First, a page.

Radically Simplified GPU Programming with C#

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Do you have performance bottlenecks? Do you have a lot of parallel calculations? Then try to use GPU with C#. With the new Alea GPU parallel GPU methods it is as easy as changing a few lines of code to utilize the power of GPUs. No GPU in your box? Don't worry, you can get them from Azure or other cloud providers. This Channel 9 cast explains how easy it is to run C# code on the GPU, with full debugging support in Visual Studio.

www.quantalea.com

www.aleagpu.com

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    The Discussion

    • User profile image
      Simone​Invernizzi

      Supercool, I wonder if we will have an entire game engine full made in C# at this point, it would be nice to have XNA back!

    • User profile image
      degloff

      @SimoneInvernizzi: Of course, Alea GPU is free for GeForce GPUs and that is what gamers use to play!

    • User profile image
      Moreno​Gentili

      An amazing product, thank you. I tried using OpenCL once but it was quite a challenge for a .NET developer. I succedeed at last but it took a great deal of effort for just a simple Levenshtein Distance calculator. Can you elaborate on .NET types support? What about String, can I use its IndexOf and Substring methods, for instance?

    • User profile image
      degloff

      @MorenoGentili: Alea GPU supports all .net value types and arrays of blittable types. It is explained in the section on automatic memory management.  

    • User profile image
      degloff

      @MorenoGentili: Alea GPU also supports generic types as explained here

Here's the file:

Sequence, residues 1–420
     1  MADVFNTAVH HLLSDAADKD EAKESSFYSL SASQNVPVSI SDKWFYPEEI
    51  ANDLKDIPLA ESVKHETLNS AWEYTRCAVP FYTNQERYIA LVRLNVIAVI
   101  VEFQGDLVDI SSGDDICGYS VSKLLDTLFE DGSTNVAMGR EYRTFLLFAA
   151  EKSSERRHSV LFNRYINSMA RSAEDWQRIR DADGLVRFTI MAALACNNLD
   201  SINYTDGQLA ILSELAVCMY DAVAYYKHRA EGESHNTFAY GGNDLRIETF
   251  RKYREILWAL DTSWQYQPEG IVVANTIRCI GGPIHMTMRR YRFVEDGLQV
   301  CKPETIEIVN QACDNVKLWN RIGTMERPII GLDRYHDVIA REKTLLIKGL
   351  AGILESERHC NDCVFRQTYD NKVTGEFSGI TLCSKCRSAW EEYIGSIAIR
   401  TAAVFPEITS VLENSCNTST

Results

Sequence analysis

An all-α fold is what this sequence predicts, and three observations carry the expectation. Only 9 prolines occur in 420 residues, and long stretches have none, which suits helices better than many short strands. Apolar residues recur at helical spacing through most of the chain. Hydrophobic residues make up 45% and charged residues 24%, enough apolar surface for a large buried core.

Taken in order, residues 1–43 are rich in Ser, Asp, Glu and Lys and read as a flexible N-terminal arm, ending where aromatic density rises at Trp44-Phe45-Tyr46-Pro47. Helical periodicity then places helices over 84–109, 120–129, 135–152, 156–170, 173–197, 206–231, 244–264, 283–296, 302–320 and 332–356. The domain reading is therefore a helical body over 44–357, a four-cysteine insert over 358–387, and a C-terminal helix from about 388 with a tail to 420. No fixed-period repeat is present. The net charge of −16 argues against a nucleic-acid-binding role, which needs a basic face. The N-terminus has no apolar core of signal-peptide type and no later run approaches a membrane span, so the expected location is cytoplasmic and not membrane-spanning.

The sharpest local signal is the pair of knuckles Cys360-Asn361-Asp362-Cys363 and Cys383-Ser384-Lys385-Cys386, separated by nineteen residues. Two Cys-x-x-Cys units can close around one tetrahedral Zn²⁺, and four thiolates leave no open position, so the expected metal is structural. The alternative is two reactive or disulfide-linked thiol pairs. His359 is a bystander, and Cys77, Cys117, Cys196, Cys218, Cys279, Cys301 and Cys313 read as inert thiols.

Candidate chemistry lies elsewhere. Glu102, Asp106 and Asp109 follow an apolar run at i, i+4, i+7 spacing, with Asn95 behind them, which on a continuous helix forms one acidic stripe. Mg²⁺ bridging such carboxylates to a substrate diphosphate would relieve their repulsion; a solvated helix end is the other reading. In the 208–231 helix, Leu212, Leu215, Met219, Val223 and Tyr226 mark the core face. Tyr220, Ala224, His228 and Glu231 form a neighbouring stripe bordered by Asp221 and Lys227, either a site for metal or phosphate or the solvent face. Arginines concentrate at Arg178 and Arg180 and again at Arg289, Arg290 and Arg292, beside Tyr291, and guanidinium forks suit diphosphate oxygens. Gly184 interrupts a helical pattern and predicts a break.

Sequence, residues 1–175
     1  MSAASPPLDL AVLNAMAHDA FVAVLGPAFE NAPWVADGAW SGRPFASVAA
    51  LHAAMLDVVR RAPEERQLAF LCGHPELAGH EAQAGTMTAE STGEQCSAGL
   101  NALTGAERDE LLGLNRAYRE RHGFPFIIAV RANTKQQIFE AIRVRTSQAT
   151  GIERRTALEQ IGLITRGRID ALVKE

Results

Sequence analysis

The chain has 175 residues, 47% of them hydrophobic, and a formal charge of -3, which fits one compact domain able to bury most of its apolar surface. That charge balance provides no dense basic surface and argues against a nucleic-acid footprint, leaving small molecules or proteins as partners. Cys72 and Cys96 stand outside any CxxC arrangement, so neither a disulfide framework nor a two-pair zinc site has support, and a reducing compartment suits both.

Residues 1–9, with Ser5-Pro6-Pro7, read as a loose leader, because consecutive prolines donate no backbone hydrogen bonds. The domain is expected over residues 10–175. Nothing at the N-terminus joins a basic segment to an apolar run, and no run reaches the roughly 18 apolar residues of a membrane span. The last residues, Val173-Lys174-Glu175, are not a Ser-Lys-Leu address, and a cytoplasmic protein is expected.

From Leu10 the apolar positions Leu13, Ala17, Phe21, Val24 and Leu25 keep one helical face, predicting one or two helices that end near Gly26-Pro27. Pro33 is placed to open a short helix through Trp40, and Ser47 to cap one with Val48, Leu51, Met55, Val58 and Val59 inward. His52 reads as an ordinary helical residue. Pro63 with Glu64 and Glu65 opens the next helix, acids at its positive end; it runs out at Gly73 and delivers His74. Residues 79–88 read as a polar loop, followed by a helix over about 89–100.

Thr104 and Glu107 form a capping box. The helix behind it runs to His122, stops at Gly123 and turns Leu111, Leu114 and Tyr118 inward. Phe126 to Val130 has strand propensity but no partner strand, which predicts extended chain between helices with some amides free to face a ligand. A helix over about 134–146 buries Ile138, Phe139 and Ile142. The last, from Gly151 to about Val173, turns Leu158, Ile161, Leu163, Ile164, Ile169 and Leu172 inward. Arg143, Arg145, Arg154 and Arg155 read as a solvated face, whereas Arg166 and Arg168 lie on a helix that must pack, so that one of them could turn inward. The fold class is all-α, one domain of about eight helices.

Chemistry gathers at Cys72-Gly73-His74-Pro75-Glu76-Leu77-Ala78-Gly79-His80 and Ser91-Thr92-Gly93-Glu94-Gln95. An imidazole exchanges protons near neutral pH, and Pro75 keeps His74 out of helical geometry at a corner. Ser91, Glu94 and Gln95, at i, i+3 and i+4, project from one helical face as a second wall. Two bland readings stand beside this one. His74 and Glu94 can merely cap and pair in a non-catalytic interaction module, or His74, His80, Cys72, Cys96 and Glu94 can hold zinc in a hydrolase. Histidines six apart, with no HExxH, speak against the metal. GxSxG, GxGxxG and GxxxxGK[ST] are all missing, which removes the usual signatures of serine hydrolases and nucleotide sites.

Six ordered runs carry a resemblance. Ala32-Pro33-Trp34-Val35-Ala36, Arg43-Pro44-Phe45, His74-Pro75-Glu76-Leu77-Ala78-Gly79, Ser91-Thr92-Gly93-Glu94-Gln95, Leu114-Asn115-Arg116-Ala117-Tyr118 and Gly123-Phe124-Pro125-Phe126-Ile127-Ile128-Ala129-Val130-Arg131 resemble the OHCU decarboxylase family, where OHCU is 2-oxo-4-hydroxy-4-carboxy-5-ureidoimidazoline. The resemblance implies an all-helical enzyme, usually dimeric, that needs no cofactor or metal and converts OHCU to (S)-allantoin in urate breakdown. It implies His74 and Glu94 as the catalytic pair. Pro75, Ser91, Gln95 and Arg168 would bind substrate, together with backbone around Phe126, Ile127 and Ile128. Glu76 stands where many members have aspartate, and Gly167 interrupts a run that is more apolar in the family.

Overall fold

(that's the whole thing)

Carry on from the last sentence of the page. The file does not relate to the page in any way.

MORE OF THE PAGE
• User profile image
      degloff

      @MorenoGentili: Strings are reference types and live entirely in CPU memory. You can use character arrays instead. You can use .net character or byte arrays.  

    • User profile image
      dcuccia

      Great interview Seth.

      @degloff VERY exciting. This has been a holy grail for quite some time (e.g. see BrahmaC$ aka "C Bucks", Tidepowered GPU.NET). I look forward to learning more about Alea, and I hope that many of the wins and lessons learned from these previous efforts, as well as importantly C++ AMP, have been integrated into the design.

      Looking at your overview docs, all I see are single-line GPU code examples, but I presume multi-line methods work, too. What are the restrictions for the GPU method body?

      Many applications will require operating along one dimension of a multidimensional array, e.g. transforming RGB images along the color axis, reducing to scalar intensity, etc. Does Alea work natively with multidimensional arrays? How can one perform gather operations (e.g. gaussian blur)? Using user-defined indexers, or Alea constructs (ala C++ AMP)?

      To quote Agent Fox Mulder, "I want to believe." Just being able to checkout code from a NuGet package w/o setting up an old version of VS to work with CUDA will be a joy. Look forward to looking in-depth at your code samples.

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